PMID: 3485790Feb 1, 1986

Histamine reduces Cl- activity in surface epithelial cells of frog gastric mucosa. Suggestive evidence for ionic coupling between surface epithelial and oxyntic cells

Pflügers Archiv : European journal of physiology
S CurciE Frömter


Intracellular chloride activity (acCl) and serosal as well as mucosal membrane potentials (Vcs and Vcm) were recorded in surface epithelial cells (SEC) of frog gastric mucosa during the resting state (cimetidine, 10(-4) mol/l) or during stimulation with histamine (10(-4) mol/l). Stimulation leads to a fall in acCl from 18.7 SD +/- 5.9 mmol/l (n = 26) to 13.3 SD +/- 4.9 mmol/l (n = 33). Simultaneously both cell membranes hyperpolarize, Vcs from -56.0 SD +/- 4.8 (n = 42) to -62.8 +/- 7.6 (n = 43) and Vcm from -39.6 SD +/- 5.8 (n = 42) to -47.9 +/- 7.6 (n = 43), so that intracellular chloride remains elevated above electrochemical equilibrium at both cell membranes. Reduction or omission of chloride in the lumen perfusate does not affect acCl, suggesting that the luminal cell membrane is virtually tight for chloride ions. Current induced hyperpolarization of the serosal cell membrane potential which simulates the electrical effects of stimulation, does not affect acCl either; however, inhibition of gastric acid secretion by a benzimidazol derivative which is known to block the H+/K+ ATPase prevents the fall in acCl in response to histamine. The same holds if the experimental solutions are gassed with 25% CO2 which does not interfe...Continue Reading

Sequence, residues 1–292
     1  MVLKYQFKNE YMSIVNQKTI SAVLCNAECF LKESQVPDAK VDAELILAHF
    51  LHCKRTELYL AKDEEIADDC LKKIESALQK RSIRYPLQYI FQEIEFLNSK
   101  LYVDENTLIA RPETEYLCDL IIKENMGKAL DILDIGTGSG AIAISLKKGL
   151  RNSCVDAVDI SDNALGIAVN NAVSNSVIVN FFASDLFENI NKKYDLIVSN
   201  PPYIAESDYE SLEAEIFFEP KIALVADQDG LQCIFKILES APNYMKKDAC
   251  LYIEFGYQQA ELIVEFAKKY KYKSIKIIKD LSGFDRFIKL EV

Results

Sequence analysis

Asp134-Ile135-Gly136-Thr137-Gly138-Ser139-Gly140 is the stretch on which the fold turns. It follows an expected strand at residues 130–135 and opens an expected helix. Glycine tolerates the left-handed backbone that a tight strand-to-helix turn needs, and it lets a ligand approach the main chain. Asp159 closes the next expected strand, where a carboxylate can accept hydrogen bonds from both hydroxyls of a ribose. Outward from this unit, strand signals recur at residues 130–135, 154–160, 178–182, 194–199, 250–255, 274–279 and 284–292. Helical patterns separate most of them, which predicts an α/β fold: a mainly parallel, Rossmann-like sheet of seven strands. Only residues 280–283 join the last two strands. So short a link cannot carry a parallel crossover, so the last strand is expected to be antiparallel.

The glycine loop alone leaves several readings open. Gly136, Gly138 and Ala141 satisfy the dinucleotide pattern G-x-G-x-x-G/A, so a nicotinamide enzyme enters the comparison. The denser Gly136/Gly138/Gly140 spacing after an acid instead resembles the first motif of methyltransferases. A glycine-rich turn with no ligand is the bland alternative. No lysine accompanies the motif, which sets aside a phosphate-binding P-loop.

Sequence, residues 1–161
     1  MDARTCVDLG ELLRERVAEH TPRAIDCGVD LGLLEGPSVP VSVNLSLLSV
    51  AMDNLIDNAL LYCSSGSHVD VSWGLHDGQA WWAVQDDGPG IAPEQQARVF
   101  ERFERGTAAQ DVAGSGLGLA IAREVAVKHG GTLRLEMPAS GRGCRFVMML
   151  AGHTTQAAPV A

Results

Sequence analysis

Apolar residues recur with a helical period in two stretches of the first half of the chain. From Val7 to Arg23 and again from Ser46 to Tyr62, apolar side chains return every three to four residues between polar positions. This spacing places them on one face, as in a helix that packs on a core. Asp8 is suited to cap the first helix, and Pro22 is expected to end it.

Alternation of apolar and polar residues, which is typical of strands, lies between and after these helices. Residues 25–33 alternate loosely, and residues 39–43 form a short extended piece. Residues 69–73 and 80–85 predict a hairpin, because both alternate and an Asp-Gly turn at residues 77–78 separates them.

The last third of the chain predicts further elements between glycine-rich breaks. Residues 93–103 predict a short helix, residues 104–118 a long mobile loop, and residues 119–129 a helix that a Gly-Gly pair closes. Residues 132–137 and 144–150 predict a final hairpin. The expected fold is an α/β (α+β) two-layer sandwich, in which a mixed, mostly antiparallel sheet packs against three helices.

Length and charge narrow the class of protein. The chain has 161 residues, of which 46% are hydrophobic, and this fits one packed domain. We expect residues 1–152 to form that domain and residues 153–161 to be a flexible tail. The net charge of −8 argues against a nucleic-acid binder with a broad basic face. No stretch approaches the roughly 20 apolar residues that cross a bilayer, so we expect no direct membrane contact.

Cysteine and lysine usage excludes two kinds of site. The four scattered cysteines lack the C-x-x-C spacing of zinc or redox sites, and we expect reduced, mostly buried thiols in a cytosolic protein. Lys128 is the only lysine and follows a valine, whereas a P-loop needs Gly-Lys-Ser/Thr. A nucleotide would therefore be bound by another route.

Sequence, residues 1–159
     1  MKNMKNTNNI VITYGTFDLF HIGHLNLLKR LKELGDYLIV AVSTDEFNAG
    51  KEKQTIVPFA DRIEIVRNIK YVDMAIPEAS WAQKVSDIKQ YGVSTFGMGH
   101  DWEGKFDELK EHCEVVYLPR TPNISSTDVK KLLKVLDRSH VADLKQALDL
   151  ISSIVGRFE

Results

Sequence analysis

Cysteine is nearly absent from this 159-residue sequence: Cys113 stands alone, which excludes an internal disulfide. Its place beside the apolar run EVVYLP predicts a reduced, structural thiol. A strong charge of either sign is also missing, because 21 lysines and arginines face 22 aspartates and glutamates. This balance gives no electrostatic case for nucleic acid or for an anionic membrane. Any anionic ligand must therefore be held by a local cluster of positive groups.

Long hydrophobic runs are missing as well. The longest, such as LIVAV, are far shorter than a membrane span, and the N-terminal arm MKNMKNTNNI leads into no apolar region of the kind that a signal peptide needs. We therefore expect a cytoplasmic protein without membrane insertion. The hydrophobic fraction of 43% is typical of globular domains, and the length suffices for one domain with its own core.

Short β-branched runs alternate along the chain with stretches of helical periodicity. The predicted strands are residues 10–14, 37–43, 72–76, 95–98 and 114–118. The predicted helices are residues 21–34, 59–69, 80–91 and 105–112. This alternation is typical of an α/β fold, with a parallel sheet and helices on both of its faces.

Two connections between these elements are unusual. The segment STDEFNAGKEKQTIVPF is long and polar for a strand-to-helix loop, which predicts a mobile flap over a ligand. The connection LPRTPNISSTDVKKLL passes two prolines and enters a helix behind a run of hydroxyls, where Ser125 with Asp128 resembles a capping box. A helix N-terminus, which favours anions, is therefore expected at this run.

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Related Concepts

Chloride Ion Level
Gastric Acid
Structure of Pyloric Gland
Resting Potentials
Rana esculenta
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